I have now had a couple friends ask me to help them prepare job applications, so I pulled together some personal advice on what I feel is the most important part of applying for a job: the cover letter.
As someone who has applied for many jobs, and also reviews about 200-300 job applications every year, I believe that crafting a strong and compelling cover letter—having researched positions you have a fair chance (or a strong argument) of filling, of course—gives the best return on investment; more so than agonizing over your resume itself!
When I review applications, my primary job is to weed applicants out of the process as quickly as possible. I’m quickly scanning. At this level, the resume matters, but that’s only because I’m checking to see if you are severely under (or over, which will draw scrutiny) qualified, have any gaps (no job experience) and if there is any glaring deficiencies like misspelled words (they jump out at you) or just poor aesthetics (this is supposed to be a synthesis of your professional experience boiled down to just 2 pages; it had better be vertically balanced—not as an aesthetic judgement, but as evidence of your attention to detail and level of perfectionism).
This cursory scan is also seeking out things I recognize: names of schools or businesses, places, specific brand names or techniques, turns of phrase. These will raise my interest, but not necessarily make me weight your resume any better. These mostly are due to chance, so unless you know something that wasn’t mentioned in the ad (maybe you know from a friend who is also an employee that the company loves a specific management technique), don’t worry about this.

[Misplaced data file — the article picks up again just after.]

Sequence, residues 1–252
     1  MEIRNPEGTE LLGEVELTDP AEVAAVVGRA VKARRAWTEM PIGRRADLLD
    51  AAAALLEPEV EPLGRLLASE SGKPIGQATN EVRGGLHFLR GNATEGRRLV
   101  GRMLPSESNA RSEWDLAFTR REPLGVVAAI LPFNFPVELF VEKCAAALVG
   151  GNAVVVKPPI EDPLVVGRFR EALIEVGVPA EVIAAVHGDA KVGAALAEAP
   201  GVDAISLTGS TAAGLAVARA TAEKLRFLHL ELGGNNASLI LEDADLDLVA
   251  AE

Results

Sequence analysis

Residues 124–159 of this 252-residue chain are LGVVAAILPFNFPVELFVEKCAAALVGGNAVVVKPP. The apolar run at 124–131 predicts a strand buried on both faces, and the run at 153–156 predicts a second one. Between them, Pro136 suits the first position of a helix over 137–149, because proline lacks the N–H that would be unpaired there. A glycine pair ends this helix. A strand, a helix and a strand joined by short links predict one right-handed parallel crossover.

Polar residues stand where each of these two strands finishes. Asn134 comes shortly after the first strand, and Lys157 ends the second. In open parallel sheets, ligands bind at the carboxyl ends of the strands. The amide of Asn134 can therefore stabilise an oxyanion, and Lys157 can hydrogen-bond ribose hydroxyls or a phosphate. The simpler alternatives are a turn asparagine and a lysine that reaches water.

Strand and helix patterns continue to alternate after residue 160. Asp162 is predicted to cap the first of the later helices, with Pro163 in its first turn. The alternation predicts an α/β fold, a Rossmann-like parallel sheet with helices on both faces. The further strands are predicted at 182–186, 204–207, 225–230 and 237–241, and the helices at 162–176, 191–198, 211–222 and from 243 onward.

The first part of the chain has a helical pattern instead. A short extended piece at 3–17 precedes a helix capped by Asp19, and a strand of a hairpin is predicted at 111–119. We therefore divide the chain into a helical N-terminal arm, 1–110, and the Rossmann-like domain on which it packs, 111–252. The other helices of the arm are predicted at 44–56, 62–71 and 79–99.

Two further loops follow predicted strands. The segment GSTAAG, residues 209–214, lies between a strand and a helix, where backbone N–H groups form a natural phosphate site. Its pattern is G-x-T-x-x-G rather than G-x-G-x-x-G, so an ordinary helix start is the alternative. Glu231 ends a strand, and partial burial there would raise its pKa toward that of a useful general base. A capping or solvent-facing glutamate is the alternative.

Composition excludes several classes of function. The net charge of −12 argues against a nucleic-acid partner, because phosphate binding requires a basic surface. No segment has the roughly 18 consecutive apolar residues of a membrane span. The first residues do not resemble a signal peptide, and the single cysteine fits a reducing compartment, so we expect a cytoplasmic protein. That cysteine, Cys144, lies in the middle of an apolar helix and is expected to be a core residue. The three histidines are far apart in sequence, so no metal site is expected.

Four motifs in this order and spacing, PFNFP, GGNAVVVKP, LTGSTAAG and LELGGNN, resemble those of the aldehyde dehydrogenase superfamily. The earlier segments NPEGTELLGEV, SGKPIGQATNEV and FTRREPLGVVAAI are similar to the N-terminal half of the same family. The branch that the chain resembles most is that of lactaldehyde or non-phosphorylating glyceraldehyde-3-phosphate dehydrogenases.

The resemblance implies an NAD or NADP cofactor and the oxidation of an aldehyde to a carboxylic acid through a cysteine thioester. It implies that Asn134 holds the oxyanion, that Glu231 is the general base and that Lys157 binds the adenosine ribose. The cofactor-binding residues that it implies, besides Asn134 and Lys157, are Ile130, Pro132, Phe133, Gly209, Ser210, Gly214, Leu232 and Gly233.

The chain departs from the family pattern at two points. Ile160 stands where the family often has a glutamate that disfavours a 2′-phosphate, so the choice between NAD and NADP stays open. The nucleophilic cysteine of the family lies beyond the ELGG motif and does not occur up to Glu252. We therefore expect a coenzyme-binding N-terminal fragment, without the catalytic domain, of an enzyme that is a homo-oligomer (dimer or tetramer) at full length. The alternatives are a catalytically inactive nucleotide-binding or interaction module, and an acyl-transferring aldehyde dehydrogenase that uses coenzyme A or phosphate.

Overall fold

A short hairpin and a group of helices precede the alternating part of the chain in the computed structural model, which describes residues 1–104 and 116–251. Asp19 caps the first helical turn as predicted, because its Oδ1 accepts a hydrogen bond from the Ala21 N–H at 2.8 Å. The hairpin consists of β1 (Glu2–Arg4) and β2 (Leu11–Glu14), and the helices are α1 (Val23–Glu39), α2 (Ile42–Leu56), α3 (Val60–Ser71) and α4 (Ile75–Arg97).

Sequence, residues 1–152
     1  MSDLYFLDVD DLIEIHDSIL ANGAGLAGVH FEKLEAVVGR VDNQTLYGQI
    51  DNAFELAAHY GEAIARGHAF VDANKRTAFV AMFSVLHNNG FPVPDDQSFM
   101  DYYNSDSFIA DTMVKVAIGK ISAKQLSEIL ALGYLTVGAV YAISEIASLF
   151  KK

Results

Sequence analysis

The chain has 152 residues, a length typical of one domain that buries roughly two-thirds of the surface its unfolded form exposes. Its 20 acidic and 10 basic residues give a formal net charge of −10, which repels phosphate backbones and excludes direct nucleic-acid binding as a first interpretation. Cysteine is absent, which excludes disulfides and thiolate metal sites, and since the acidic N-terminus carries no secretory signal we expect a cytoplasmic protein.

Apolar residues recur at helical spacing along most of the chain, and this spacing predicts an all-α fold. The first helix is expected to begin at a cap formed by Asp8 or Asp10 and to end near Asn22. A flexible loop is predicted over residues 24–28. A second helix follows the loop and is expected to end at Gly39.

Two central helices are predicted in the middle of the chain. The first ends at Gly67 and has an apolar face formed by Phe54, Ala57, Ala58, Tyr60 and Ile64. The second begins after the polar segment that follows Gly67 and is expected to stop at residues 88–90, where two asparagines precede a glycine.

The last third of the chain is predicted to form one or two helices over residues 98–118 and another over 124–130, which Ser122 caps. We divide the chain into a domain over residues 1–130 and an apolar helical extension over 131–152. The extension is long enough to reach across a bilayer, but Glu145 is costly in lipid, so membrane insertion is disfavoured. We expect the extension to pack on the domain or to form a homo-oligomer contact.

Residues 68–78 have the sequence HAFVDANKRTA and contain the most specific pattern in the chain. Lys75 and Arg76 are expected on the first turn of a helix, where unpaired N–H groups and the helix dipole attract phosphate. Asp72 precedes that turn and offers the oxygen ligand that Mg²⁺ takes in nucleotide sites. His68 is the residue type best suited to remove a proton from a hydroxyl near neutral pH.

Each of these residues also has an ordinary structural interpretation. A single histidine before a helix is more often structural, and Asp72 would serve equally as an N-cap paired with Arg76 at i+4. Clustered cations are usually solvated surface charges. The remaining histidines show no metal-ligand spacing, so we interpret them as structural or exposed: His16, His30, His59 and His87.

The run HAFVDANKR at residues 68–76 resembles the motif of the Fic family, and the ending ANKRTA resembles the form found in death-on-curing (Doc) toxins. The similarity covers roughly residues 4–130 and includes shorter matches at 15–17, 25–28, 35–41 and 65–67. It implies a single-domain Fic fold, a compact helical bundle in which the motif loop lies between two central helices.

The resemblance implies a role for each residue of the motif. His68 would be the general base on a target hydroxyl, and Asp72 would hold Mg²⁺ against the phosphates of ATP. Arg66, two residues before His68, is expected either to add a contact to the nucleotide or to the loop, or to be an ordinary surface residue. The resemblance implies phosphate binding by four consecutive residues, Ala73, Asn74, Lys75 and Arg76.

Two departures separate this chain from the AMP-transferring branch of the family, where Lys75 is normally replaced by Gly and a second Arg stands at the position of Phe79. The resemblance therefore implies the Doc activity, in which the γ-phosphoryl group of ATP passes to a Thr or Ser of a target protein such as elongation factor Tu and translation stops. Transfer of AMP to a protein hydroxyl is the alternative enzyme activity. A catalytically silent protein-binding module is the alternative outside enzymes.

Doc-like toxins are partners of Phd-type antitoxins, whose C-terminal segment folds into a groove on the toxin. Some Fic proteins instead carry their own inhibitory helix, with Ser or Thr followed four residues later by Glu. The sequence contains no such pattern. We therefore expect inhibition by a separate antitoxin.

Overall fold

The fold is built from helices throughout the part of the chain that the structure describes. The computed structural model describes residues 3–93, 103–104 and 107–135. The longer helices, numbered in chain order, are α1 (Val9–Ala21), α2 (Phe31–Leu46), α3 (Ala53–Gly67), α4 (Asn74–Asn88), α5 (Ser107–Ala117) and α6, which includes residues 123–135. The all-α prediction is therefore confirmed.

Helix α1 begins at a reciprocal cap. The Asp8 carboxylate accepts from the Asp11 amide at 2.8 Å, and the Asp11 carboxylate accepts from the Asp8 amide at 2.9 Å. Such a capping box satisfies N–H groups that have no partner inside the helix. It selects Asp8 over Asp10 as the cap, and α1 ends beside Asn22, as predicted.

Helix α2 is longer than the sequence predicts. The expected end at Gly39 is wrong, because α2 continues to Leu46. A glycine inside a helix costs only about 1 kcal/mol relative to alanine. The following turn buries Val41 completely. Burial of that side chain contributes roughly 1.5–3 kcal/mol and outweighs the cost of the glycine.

You should not worry about being weeded out if you’ve done your homework: at this point, I’m not looking for the best applicant, I’m getting rid of the applicants who clearly are not even in the top 50% (or better, depending on what I’m filling). I’m looking for an applicant that “looks” like the best applicant
So now that I’ve judged appearances, I judge personality and character, and that’s where the cover letter comes in.
The cover letter does more than demonstrate you can competently communicate; it shows you know what you are applying for (I don’t want to receive your scattergun blast); that you have critical thinking skills and can synthesize important details from the posted ad and relate them to your own self; and that you are a human being who is confident in their abilities and wants me to benefit from them (I receive a surprising amount of whining).
The cover letter is your chance to make a compelling argument as to why I should hire you (or at least give you an interview). The fact is, you will probably have worked hardest—throughout your entire potential employment—on getting the job in the first place. So if this is your best, it had better be good.
So that’s my spiel on why you should agonize over your cover letter, not your resume. Your cover letter is your thesis, the resume is just the primary source.